Spinal canal stenosis or spinal canal narrowing

In the case of spinal canal stenosis, also known as spinal canal narrowing, various anatomical structures are often involved, which together form the wall of the spinal canal: due to degenerative changes in vertebral joints, ligaments and intervertebral discs, the spinal canal narrows and often also the bony nerve exit openings (foramen). A direct narrowing occurs when a damaged intervertebral disc bulges backwards or protrudes.

In the case of pronounced signs of wear and tear on the vertebral joints, bony protrusions (spondylophytes) form, which then narrow both the spinal canal and the nerve exit openings. Another cause is an abnormal thickening of the ligaments between the vertebrae that stabilize the spine (ligamentum flavum). All degenerative changes result in the space for the nerves running in the spinal canal becoming increasingly narrow over time until they are literally squeezed.

What causes spinal canal stenosis?

spinal stenosis

To a certain extent, spinal canal stenosis / narrowing of the spinal canal is a typical aging phenomenon of the spine; Many years of incorrect or excessive strain, such as the frequent carrying of heavy objects and other back-straining activities promote the development of spinal canal narrowing. Typically, the symptoms appear in active patients around the age of 50.

If there is no therapeutic intervention, there is a risk of nerve failure!

Common symptoms associated with spinal canal stenosis

  • Back pain radiating down the leg
  • Severe discomfort when walking longer distances
    Sometimes no more 100 meters possible without a longer break
  • Numbness in the buttocks and/or legs
  • Aggravation of pain in stretched posture
  • Your pain is relieved by bending over or sitting down

Careful diagnosis of spinal canal stenosis is a prerequisite for successful treatment

Which procedure makes sense in individual cases depends on the diagnosis. Although the description of the symptoms usually points the way, clarity is often only brought about by imaging procedures such as computer or magnetic resonance imaging. It is important to know the degree of spinal damage and to know how many segments are affected by the narrowing. It is also important to determine whether there is already instability in the spine, whether and to what extent bony outgrowths must be surgically removed, or whether the desired relief can be achieved, for example, with the use of an implant.

In principle, any section of the spine can be affected by a narrowing; by far the most commonly affected area is the lumbar spine.

How is spinal stenosis treated?

Conservative treatment

In the case of minor complaints, it can be helpful to consistently rest your back and treat the pain with medication. A physiotherapeutic program under professional guidance is recommended to strengthen the back and abdominal muscles; accompanying heat treatments, electrotherapy and manual therapy can provide relief. Sometimes injections of local anesthetics and cortisone preparations next to the constricted nerve root (periradicular infiltration) can also be indicated. Special girdles and corsets are available from specialist retailers that bring the affected section of the spine into a more favorable curvature and thus also help to reduce the symptoms.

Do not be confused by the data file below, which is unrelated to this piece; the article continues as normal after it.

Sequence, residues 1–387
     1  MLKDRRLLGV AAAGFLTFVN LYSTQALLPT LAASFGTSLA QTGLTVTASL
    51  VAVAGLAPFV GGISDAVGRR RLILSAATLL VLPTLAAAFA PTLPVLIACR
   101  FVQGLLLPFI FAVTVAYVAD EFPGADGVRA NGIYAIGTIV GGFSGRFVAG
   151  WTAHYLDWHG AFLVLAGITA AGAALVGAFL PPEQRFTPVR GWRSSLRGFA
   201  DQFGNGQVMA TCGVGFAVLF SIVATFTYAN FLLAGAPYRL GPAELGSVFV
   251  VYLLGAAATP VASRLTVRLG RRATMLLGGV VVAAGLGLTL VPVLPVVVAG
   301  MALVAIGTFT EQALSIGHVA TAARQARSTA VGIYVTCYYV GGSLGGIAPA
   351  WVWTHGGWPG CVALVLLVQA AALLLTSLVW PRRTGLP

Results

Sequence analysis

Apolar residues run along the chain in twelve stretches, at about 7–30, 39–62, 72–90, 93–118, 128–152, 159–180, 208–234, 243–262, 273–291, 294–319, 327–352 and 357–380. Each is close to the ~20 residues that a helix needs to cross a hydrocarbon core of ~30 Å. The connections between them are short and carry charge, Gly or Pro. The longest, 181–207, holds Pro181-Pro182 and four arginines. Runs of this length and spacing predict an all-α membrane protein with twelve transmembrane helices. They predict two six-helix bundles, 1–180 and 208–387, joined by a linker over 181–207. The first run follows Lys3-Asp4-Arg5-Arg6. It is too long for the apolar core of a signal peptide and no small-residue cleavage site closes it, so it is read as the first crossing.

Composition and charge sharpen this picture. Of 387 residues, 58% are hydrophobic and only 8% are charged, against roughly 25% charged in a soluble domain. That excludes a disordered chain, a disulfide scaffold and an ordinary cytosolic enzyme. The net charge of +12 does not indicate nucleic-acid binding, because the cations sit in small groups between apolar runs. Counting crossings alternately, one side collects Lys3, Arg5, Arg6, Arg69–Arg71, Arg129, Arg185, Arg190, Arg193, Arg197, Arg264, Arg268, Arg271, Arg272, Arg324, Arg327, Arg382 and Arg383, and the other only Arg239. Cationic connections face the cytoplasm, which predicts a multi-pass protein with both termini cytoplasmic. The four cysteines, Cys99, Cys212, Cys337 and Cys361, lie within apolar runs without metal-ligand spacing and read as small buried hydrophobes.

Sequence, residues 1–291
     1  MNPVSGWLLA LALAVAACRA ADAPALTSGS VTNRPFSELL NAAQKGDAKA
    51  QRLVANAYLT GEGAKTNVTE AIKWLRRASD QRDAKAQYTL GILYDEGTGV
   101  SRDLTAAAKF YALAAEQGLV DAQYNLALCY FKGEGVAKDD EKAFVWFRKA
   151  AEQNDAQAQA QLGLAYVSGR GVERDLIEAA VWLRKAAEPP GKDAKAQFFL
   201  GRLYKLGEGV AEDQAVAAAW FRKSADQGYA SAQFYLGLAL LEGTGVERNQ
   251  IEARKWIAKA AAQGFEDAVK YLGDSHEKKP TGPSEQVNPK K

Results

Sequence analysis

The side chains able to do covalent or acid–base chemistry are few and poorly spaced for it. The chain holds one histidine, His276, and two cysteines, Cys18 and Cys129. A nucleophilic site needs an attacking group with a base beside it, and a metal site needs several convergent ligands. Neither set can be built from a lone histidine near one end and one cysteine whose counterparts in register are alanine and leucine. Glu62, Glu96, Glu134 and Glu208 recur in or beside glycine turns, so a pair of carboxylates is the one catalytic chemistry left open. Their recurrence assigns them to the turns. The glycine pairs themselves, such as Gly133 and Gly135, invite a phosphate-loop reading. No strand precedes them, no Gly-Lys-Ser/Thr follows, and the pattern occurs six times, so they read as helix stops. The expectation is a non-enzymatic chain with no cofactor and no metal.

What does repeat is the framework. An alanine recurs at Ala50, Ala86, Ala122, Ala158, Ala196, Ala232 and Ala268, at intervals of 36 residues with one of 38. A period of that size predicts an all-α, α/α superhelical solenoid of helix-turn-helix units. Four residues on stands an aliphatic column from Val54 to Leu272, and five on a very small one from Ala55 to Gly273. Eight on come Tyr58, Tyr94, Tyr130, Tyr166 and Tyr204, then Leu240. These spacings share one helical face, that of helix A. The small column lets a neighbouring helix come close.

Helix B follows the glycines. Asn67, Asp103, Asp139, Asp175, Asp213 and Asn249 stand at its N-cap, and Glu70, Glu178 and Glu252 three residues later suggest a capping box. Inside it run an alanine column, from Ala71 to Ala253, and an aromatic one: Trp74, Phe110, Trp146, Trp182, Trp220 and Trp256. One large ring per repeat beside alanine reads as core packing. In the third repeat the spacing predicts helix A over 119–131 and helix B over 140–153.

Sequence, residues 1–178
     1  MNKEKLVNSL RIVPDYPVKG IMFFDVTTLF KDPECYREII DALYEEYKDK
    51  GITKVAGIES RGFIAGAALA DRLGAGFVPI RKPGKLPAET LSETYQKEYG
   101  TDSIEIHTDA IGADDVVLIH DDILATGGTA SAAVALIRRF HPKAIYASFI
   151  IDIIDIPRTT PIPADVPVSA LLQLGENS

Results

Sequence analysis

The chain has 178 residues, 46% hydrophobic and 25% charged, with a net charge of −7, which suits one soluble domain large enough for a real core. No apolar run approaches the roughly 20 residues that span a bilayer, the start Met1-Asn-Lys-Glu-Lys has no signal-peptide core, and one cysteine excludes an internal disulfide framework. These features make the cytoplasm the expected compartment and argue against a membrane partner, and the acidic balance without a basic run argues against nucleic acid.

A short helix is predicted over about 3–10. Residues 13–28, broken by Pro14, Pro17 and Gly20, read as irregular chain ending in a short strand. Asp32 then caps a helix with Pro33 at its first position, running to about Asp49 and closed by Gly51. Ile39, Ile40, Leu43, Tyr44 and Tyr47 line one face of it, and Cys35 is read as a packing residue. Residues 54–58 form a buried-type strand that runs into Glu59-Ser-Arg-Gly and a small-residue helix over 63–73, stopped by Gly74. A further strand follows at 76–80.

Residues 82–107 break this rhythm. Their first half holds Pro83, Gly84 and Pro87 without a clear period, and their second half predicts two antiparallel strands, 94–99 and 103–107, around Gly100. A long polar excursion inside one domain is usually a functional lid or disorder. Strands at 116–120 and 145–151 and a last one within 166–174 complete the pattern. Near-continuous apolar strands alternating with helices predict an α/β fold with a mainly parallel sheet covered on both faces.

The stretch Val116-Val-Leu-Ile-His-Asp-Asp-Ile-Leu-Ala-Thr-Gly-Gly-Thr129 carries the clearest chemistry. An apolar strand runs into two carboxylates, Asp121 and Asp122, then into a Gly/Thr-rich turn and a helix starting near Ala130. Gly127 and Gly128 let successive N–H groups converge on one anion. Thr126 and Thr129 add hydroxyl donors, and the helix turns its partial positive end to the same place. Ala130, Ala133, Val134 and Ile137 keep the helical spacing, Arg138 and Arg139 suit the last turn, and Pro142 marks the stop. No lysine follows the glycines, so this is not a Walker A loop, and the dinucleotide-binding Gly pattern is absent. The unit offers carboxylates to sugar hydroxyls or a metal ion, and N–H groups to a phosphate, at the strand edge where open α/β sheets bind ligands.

Surgical treatment without STIFFENING

If the complaints and neurological symptoms cannot be controlled with conservative measures, surgical treatment is necessary, through which the spinal canal is surgically expanded through targeted relief measures, such as the removal of constricting structures, so that the affected nerves are free again.

Microscopic decompression

Endoscopic decompression in stenosis

If there is only a narrowing of the nerve exit hole (foramen stenosis), there is the possibility of endoscopic decompression (expansion) with the additional use of a laser. Here, under endoscopic control and visibility, the structures constricting the nerve hole are removed in a particularly gentle manner, thereby relieving the pressure on the nerve.
This procedure should only be performed by a highly experienced and skilled spinal surgeon.

This is a minimally invasive procedure that can be performed under local anesthesia!

!!! The success is largely dependent on the experience of the operator !!!

Endoscopic decompression

Operative expansion through spacers

In very rare cases, it may be sufficient to widen the narrowed spinal canal (spinal canal stenosis) using special implants that are inserted between the spinous processes of two adjacent vertebral bodies. These spacers (spreaders) literally push the spinous processes apart and thus ensure the desired relief of the narrowed spinal canal.

The procedure takes about 30 minutes and is generally performed under general anesthesia. Immediately afterwards, the patients usually feel a significant reduction in symptoms. The day after the operation, the patient can get up; wearing a lumbar support girdle for four weeks protects against incorrect movements. Working at a desk is possible after two to three weeks, physically demanding activities are possible again after six weeks.